He's Not An Aberration
Why many charedim do not davven for soldiers
Whenever I report the seemingly preposterous statements or actions of a charedi rabbinic figure, my opponents have to make a decision. Do they defend the statement/ actions? Do they claim that I have misinterpreted them? Or do they say that the rabbi is an aberration and not at all representative of others in the charedi community?
In the previous post, I shared a video of Rav Bunim Schreiber declaring that charedim do not have any reason to feel connected or grateful to soldiers. I noted that he certainly isn’t representative of all charedim, but he is nevertheless representative of a significant number. My opponents couldn’t find a way to defend his position or deny that he took it, so they resorted to saying that he is an utter aberration, not representative of anyone, and everyone in the charedi world would be disgusted by his words.
Now, let me first point out that aside from Rav Schreiber holding an important position in charedi society, the reaction to his words in the charedi world was hardly universal condemnation. When I published books presenting the approach of various Rishonim and Acharonim to Torah/science topics, there were endless denunciations from Gedolim in the charedi press. When Rav Dovid Leibel said that it’s legitimate for a person to work for a living and to send his children to a school that provides a basic secular education, HaPeles compared him to Lavan, and Yated printed a two-page article of detailed condemnation. But with Rav Schreiber, he merely had to claim that his words were “taken out of context.” There was no public condemnation in the Yated or any charedi publication.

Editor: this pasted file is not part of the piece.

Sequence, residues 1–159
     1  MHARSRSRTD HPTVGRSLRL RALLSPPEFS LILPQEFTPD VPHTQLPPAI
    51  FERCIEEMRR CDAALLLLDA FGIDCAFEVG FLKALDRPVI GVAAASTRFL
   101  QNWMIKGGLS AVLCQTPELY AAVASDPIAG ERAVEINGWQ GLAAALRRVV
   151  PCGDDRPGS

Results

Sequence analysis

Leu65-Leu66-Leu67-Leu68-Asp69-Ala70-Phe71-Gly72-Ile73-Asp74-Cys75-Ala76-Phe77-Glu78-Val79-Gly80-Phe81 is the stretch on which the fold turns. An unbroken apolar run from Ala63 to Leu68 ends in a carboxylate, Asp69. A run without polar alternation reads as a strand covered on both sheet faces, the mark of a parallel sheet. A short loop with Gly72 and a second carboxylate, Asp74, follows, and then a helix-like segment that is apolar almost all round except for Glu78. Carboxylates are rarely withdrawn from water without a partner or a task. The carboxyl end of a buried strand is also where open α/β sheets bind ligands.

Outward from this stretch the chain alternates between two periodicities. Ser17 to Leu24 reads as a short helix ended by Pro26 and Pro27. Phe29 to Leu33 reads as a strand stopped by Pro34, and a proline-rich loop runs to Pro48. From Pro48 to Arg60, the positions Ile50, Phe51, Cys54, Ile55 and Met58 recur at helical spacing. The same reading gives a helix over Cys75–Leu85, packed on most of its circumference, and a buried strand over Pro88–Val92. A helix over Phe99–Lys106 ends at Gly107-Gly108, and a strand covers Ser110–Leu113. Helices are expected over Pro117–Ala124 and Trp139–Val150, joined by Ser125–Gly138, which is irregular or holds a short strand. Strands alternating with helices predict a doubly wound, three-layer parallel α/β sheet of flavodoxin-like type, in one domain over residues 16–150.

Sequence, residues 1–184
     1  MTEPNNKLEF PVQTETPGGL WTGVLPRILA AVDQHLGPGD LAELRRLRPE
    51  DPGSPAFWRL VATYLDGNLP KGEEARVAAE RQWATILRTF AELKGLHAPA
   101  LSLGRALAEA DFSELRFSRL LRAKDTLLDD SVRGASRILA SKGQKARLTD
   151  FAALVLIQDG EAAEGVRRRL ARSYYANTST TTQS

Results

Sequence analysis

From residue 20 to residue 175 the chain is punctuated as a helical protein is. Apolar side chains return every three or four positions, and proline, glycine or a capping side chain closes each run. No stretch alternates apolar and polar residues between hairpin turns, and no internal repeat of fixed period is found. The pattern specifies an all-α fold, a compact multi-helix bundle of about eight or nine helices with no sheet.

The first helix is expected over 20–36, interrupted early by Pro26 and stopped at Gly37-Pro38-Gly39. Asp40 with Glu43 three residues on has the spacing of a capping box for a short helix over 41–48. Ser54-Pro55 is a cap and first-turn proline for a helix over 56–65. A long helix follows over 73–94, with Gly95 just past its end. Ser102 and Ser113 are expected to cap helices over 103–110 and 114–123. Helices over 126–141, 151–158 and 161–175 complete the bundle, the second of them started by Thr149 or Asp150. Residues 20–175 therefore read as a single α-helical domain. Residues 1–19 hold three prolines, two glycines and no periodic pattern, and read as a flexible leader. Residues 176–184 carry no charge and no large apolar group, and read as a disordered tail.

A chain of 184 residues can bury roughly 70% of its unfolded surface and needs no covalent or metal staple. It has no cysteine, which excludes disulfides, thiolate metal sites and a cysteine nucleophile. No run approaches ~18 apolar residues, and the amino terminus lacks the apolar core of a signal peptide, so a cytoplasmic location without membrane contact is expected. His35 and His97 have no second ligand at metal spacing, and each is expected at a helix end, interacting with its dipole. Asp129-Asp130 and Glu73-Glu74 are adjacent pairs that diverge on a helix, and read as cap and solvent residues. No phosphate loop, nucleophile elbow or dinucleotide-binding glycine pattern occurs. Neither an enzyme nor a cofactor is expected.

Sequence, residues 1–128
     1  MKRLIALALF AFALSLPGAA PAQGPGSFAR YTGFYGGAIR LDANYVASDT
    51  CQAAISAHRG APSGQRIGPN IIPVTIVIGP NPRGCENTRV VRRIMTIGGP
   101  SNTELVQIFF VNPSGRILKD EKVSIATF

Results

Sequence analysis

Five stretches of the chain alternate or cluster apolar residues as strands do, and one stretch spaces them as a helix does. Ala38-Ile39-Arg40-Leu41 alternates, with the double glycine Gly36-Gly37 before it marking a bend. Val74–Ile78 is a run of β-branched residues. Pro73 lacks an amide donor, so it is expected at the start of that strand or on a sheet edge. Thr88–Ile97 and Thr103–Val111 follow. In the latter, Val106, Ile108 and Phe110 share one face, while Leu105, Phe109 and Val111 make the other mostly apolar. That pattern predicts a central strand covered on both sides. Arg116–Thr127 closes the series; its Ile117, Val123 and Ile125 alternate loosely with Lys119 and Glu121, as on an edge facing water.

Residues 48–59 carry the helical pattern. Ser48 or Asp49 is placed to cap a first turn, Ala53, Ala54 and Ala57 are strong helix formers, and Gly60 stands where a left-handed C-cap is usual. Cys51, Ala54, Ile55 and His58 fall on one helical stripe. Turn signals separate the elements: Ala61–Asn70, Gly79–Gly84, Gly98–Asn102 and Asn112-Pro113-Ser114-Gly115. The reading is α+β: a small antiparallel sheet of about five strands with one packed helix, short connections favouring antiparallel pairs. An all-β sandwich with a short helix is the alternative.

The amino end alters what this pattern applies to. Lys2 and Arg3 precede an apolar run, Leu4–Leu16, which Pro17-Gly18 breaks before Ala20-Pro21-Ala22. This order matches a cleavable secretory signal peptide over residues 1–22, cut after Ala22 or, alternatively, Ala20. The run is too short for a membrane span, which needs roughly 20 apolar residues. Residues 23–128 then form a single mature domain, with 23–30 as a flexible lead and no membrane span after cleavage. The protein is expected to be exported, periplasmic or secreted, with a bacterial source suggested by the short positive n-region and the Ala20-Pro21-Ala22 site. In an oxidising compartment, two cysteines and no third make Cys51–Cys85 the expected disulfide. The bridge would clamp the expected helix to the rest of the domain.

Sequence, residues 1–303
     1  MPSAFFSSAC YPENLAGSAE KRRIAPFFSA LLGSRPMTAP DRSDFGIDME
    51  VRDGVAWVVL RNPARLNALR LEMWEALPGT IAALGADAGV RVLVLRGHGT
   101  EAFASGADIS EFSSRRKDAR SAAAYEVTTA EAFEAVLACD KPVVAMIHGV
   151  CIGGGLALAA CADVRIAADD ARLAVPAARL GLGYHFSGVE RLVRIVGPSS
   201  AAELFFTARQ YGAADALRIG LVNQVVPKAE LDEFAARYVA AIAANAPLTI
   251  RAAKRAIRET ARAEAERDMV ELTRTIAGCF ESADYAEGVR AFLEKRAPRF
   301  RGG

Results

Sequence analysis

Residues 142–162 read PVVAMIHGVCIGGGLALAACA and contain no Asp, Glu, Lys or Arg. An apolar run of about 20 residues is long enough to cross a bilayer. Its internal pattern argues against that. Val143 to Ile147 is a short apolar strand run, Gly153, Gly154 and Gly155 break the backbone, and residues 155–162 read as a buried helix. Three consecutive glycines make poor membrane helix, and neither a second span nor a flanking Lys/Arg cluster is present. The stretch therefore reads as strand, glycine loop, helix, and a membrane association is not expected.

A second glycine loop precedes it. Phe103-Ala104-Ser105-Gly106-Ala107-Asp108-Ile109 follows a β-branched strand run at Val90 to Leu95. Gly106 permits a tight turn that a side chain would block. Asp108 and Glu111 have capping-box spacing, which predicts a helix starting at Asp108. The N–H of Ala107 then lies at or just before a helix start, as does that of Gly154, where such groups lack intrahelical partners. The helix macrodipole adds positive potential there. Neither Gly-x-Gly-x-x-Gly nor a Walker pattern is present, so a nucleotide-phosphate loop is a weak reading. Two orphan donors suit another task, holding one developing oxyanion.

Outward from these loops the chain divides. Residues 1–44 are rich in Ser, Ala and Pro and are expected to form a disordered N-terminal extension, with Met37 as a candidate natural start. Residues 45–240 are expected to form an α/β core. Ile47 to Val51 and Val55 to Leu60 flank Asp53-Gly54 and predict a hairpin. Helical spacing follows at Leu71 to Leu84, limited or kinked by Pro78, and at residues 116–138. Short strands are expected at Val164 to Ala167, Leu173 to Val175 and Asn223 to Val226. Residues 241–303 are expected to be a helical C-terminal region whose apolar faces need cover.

And how many major Litvishe charedi rabbinic figures have publicly stated that one should be grateful to soldiers and davven for them? There are definitely those who believe in it, but it’s far from everyone - in fact, here in Israel, it’s very few. (Interestingly, it seems that just ten years ago, the mainstream Litvish charedi world was comfortable declaring that they were davenning for soldiers, but now they are not.) They take pains to write letters denouncing charedim who try to help the IDF, but not to write letters urging people to davven for the IDF.
Last night we hosted friends for dinner and the wife shared a story. Earlier this past week, a charedi woman came to her door, collecting money for her daughter who was getting married the next day. Our friend was happy to give, and asked the woman if the kallah can davven under the chuppa for her son-in-law, who is fighting in Gaza. The woman didn’t want to do so.
First she claimed that it’s not important to davven specifically for soldiers because all Klal Yisrael is in difficulty. Then she said that she couldn’t because she didn’t have a piece of paper to write down his name. Our friend said, not to worry, she can give her a piece of paper. The woman was very reluctant. Only when our friend made it clear that her donation was contingent on the kallah davvening for her son-in-law did the woman agree.
Does anyone seriously think that I just so happened to hear about the only other person in Israel who, like R. Schreiber, does not want to davven for soldiers?! There are tens if not hundreds of thousands of people like that. And here’s another anecdote. A friend of mine, who lives in a very yeshivishe community in the US, told me that his daughter made an art projet for school, with toy soldiers bearing the names of specific IDF soldiers to davven for. The school refused to let her present it.